Book Review: While America Aged

Where were you while America aged? ;) I’ve been following the issues in this book written by Roger Lowenstein for over 20 years. As an actuary (but not a pension actuary) and a financial analyst, I have written about the issues involved since 1992.

Roger Lowenstein motivates the issues surrounding pensions by telling three stories, those of General Motors, the New York City Subway, and the City of San Diego. He captures the essence of why we have pension problems in a way that anyone can appreciate. I sum it up this way: promises today, payments far in the future. Get through the present difficulty, at the price of mortgaging the future.

If you repeat that recipe often enough, you get into a tough spot, as GM is in today. Give GM credit though, a lesser firm would have declared bankruptcy long before now, and shed its pension liabilities to the Pension Benefit Guaranty Corporation [PBGC].

Given the softness of funding requirements for pension liabilities, the easy road for corporations and municipalities has been to skimp on funding pensions, leaving a bigger problem for others to solve 10+ years later. As for municipalities, review my recent post here.

Now, why didn’t the US Government insist on stricter funding standards for pension plans? Because of pushback from corporations and municipalities. The US Government hoped that their funding methods for corporations would encourage the creation of pension plans, and that corporations would be good corporate citizens, and not play it to the edge.

As for municipalities, which are not subject to ERISA, as corporations are, the government assumed that they would act in their best long-term interests. Alas, but governments are run by men, not angels.

I found each of the three stories in the book to be interesting and instructive. They are tales of people aiming at short-term results, while letting the future suffer. In the case of the NYC Subways, the plan sponsors finally fought back. With GM, they accomodated until they were nearly dead. With San Diego, they compromised until it cost them their bond rating, and many people involved got sent to jail.

As any good author would, the book offers a few solutions at the end, but it recognizes as I do, that we are pretty late in this game — there are no “good” solutions. There are solutions that may aid future generations. An example is making municipalities subject to the funding requirements of ERISA. I agree, and add that we should apply that to Federal DB [defined benefit] plans, and Social Security too. This could be our own Sovereign wealth fund, investing overseas for the good of US retirees. (What, there is no money available to do that? What a shock.)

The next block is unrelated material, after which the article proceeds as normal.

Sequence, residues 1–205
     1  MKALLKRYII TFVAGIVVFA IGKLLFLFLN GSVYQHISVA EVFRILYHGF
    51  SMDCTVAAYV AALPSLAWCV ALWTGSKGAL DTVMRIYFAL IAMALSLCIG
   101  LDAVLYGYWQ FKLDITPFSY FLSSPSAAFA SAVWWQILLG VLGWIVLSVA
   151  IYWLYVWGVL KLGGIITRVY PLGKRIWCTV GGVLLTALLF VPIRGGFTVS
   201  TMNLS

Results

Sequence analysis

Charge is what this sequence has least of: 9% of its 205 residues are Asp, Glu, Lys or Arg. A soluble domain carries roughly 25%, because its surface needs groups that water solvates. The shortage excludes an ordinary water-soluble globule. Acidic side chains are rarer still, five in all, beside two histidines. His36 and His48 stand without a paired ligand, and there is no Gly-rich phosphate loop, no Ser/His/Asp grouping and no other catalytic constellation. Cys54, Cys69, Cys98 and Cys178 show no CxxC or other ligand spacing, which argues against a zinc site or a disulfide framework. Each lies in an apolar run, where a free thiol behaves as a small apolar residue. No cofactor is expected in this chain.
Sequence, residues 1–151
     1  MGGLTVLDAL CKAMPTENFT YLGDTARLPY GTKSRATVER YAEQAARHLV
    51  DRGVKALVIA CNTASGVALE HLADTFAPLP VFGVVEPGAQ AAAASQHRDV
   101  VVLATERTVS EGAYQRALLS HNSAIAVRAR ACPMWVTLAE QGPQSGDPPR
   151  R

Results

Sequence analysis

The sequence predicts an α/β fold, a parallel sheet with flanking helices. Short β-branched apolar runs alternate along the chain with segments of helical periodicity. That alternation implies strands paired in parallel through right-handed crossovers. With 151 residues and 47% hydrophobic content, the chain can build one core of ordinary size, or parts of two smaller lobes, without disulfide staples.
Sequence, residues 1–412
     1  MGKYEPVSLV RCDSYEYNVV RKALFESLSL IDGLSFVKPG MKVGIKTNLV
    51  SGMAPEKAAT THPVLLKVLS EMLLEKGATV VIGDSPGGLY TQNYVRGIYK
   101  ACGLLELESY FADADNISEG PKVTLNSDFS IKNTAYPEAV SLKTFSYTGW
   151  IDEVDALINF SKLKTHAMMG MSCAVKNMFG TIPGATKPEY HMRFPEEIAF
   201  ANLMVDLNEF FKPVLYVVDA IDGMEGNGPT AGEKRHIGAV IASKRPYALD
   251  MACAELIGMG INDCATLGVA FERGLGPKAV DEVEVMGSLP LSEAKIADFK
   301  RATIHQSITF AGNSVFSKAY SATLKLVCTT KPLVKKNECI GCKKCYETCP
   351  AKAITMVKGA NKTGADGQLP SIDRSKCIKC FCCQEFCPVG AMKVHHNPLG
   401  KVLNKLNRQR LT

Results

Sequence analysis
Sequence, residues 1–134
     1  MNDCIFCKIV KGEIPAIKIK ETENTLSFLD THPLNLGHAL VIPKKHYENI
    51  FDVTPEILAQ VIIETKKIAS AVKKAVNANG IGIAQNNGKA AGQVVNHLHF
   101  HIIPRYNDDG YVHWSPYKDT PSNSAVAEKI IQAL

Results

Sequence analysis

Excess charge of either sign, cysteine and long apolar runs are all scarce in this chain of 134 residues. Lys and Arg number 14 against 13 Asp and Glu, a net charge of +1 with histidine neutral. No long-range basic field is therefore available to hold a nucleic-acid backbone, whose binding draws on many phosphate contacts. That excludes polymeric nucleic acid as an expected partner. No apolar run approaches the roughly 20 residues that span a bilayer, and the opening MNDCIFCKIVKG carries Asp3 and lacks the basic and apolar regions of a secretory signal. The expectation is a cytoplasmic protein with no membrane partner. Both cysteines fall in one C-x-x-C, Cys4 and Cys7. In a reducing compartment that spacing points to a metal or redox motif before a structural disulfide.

I would also add that the funding requirements specified in ERISA are weak. The standards for life insurance reserving are stronger. The weak standards were there to encourage the creation of DB plans. Well, you can encourage creation, but maintenance is another thing.

A certain level of overfunding is need in good times, hopefully, with discipline not to increase benefits. That overfunding is hard to achieve, because the IRS discouraged overfunding above a certain level, because it did not want companies to shelter income from taxation by contributing to the DB pension plans.

Now, I have also reviewed the book Pension Dumping. Which one is better? For the average reader, While America Aged motivates the topic better, but if you want to dig into some of the deeper issues, Pension Dumping does more.

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PS — In some ways, the actuarial profession comes out with a black eye in books like this, and I would say that it is deserved. I don’t believe in professions, per se. Self-regulating guilds/industries are a fool’s bargain. There are no guilds/industries where if you can’t explain it to a bunch of average folks, there should be no cause for discipline from society at large. What stinks to me, is that there is no hint of discipline to any of the actuaries, and other third party consultants from the actions that they took to support the actions of politicians and corporations where they bent and broke pension funding rules. The ABCD? What a joke.

1 Comment

  • Tom F. says:

    I can’t comment on actuaries, but I think the accounting “profession” deserves an equal measure of contempt – if not more. It has truly earned it.